The COGS formula is especially important for management because it helps them analyze how well purchasing and payroll costs are being controlled. Creditors and investors also use the cost of products sold to calculate the profit margin of the business and analyze what percentage of revenues is on the market to hide operating expenses.

Both manufacturers and retailers list the cost of goods sold on the income statement as an expense directly after the total revenues for the period. COGS are then subtracted from the total revenue to arrive at the gross margin.

COGS example:

Let’s say our business is using the calendar year for recording inventory. Beginning inventory is recorded on January 1st, and ending inventory is recorded on 31st December.

Our business has a beginning inventory of $9,000, makes purchases valued at $5,000, and is left with an ending inventory of $2,000. Use the COGS formula.

COGS = $9,000 + $5,000 – $2,000

COGS = $12,000

Our cost of goods sold for the year is $12,000. Knowing this number helps us make decisions, such as finding new vendors with better direct material prices.

Now that we know our COGS, we can find our business’s gross profit for the period.

Let’s say we have revenues of $50,000. Subtract our COGS of $12,000 from $50,000. For the period, our gross income is $38,000.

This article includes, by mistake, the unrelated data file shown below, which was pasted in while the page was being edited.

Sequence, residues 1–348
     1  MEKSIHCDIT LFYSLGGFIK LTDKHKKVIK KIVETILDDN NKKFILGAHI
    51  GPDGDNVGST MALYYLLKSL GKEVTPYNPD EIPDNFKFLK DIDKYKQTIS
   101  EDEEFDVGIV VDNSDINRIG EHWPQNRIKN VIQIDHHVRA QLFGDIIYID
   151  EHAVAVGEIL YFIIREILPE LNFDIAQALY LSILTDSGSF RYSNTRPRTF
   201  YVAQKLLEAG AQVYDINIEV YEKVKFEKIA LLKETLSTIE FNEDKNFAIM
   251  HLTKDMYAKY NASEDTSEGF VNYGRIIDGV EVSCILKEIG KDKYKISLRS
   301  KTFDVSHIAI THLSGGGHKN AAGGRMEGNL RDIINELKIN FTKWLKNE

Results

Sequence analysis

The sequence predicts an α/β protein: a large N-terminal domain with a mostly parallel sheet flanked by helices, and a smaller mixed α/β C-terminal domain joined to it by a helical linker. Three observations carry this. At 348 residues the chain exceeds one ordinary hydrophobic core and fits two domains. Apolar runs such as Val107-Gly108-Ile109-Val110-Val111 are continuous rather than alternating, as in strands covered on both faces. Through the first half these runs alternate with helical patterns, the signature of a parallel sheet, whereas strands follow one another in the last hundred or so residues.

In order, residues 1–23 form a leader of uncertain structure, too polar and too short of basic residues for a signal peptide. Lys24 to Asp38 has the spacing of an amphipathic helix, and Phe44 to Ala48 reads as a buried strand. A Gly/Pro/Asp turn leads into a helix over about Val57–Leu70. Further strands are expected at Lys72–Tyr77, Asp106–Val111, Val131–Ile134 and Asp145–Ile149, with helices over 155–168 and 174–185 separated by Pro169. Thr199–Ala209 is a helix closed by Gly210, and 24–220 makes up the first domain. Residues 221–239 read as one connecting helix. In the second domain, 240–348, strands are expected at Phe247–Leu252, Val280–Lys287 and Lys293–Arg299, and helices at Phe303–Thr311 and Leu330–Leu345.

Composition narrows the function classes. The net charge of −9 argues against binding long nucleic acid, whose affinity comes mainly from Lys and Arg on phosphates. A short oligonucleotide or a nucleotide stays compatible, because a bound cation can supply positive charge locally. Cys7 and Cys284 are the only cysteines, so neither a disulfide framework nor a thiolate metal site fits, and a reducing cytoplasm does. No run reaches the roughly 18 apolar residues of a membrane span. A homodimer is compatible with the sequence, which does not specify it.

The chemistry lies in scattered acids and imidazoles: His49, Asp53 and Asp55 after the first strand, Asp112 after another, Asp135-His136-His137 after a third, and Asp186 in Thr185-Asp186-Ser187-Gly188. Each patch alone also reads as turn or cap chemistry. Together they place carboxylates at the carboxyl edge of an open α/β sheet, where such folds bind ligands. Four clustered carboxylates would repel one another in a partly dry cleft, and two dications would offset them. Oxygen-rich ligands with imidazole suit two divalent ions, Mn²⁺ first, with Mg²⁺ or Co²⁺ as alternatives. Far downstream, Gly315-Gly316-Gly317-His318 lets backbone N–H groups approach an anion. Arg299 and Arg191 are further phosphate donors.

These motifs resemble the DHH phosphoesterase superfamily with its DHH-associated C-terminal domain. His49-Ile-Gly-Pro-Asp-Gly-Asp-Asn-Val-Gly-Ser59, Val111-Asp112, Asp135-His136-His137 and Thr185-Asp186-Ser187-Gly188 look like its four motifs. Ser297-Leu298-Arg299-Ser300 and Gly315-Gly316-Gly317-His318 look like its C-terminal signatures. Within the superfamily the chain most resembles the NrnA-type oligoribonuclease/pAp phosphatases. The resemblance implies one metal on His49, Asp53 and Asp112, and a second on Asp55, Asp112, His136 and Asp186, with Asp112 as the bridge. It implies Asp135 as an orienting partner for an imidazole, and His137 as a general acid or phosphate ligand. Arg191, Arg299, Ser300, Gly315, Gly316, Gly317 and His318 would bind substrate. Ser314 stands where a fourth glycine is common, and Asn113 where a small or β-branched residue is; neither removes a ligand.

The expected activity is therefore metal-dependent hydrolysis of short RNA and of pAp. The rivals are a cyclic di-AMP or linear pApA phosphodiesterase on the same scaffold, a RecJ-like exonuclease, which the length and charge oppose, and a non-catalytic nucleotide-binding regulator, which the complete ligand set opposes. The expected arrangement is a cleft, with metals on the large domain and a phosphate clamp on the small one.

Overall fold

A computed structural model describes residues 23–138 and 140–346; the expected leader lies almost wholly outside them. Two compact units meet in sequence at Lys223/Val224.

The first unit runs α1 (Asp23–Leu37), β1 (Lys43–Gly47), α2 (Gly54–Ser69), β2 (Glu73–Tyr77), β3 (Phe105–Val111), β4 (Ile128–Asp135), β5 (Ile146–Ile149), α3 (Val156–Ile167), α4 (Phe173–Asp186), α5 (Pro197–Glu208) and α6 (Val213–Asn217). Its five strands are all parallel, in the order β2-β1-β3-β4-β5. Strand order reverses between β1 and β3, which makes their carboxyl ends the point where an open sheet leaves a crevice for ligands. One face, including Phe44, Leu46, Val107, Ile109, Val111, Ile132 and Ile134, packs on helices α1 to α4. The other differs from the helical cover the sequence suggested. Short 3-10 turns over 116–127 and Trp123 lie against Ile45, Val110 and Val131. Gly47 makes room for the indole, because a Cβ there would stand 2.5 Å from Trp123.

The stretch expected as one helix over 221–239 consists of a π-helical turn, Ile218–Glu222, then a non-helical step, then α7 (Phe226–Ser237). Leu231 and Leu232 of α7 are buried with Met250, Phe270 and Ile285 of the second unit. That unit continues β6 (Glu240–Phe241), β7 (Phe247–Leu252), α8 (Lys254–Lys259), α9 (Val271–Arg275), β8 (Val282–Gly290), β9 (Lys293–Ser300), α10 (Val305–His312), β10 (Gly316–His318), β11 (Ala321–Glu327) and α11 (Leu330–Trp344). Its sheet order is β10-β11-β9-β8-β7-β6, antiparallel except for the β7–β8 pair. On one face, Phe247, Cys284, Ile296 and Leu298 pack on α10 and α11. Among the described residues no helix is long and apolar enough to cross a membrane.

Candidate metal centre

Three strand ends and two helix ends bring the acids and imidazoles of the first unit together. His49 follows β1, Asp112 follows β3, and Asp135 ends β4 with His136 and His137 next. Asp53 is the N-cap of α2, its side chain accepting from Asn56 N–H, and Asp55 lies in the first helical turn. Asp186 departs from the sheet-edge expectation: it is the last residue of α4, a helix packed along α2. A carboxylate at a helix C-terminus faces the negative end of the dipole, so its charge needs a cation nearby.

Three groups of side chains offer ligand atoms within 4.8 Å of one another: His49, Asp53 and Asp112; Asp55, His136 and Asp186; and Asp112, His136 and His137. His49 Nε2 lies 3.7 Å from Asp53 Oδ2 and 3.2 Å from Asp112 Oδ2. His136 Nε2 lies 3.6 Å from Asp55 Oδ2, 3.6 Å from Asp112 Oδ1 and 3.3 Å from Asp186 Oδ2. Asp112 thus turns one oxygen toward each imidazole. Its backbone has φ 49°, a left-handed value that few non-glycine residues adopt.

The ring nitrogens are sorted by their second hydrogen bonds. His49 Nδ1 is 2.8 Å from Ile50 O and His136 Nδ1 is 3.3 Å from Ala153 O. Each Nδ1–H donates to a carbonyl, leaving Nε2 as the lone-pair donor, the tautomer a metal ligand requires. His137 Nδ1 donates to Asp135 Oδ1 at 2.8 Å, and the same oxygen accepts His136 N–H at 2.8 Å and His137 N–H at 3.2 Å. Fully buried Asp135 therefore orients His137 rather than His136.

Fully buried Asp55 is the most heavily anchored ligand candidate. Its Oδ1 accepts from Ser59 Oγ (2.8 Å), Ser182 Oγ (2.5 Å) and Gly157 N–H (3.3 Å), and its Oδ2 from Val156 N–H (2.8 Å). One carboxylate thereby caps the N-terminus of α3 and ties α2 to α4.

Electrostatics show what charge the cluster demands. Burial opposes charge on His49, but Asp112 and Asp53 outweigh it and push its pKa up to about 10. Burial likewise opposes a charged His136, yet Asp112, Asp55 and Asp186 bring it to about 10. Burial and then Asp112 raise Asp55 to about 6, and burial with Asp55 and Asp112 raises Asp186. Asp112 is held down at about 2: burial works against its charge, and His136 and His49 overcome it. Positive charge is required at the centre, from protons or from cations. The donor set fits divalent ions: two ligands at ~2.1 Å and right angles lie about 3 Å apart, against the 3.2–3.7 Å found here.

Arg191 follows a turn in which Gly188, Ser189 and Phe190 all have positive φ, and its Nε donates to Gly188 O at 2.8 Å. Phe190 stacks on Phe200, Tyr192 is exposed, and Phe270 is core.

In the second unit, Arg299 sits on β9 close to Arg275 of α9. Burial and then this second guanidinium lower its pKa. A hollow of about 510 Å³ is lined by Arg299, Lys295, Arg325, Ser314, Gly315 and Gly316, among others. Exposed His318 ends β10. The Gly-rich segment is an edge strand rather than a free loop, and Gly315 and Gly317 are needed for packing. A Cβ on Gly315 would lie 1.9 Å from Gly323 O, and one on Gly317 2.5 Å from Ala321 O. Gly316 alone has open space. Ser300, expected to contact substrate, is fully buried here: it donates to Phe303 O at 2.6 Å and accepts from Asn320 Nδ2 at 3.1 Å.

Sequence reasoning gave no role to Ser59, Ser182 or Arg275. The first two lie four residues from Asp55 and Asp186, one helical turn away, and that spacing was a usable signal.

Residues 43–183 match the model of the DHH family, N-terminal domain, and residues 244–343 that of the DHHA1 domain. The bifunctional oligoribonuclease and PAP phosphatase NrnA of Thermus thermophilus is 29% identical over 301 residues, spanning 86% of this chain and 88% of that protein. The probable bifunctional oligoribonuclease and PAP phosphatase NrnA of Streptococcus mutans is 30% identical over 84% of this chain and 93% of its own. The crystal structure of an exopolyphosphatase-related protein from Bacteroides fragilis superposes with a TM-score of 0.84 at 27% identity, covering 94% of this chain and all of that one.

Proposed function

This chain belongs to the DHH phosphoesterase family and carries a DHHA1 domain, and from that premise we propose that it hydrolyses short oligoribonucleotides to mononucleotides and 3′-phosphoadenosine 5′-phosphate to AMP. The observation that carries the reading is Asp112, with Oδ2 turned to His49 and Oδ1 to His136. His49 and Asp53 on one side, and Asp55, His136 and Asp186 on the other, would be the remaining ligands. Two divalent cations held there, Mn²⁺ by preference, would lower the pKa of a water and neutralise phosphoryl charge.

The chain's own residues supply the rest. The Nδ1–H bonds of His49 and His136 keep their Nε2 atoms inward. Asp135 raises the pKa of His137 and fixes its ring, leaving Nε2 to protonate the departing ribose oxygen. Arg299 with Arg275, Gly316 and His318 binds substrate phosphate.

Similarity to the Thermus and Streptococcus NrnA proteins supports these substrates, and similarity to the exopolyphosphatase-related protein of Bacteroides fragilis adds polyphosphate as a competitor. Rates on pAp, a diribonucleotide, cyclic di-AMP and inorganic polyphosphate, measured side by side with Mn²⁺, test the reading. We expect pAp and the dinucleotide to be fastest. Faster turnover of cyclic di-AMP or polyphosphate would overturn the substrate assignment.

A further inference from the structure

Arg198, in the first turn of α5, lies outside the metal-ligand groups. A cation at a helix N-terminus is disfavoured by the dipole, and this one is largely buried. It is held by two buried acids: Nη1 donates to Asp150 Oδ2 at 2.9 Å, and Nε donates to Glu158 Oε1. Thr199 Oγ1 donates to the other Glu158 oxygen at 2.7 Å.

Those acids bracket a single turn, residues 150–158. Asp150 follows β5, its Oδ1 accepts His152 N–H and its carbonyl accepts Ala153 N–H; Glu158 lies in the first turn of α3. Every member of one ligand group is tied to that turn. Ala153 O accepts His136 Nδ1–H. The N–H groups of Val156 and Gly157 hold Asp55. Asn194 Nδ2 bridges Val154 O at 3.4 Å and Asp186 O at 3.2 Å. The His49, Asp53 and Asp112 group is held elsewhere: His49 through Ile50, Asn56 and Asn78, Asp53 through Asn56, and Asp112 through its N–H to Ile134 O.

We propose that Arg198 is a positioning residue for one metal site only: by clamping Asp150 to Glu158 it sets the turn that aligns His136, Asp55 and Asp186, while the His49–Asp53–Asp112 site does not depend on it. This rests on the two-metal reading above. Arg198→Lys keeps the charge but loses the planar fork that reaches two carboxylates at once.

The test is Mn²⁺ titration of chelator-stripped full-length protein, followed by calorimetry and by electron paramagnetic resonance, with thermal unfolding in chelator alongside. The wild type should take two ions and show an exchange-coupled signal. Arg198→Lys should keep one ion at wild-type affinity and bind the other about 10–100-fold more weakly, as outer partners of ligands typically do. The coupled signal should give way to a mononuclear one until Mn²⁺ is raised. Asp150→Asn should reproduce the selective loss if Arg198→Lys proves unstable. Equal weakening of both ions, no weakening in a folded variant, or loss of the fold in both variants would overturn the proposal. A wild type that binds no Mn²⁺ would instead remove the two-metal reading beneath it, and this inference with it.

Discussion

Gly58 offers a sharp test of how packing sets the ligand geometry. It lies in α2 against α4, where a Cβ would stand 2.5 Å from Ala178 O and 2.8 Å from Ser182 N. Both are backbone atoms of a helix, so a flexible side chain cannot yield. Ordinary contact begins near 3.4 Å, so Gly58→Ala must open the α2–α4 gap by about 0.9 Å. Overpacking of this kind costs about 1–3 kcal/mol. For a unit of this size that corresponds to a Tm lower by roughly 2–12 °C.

Inventory that’s sold appears within the profit-and-loss statement under the COGS account. The start inventory for the year is that the inventory left over from the previous year that’s, the merchandise that wasn’t sold within the previous year. Any additional productions or purchases made by a producing or retail company are added to the start inventory. At the top of the year, the products that weren’t sold are subtracted from the sum of beginning inventory and extra purchases. The ultimate number derived from the calculation is the cost of products sold for the year.

The cost of goods sold equation might seem a little strange at first, but it makes sense. Remember, we want to calculate the cost of the merchandise that was sold during the year, so we have to start with our beginning inventory.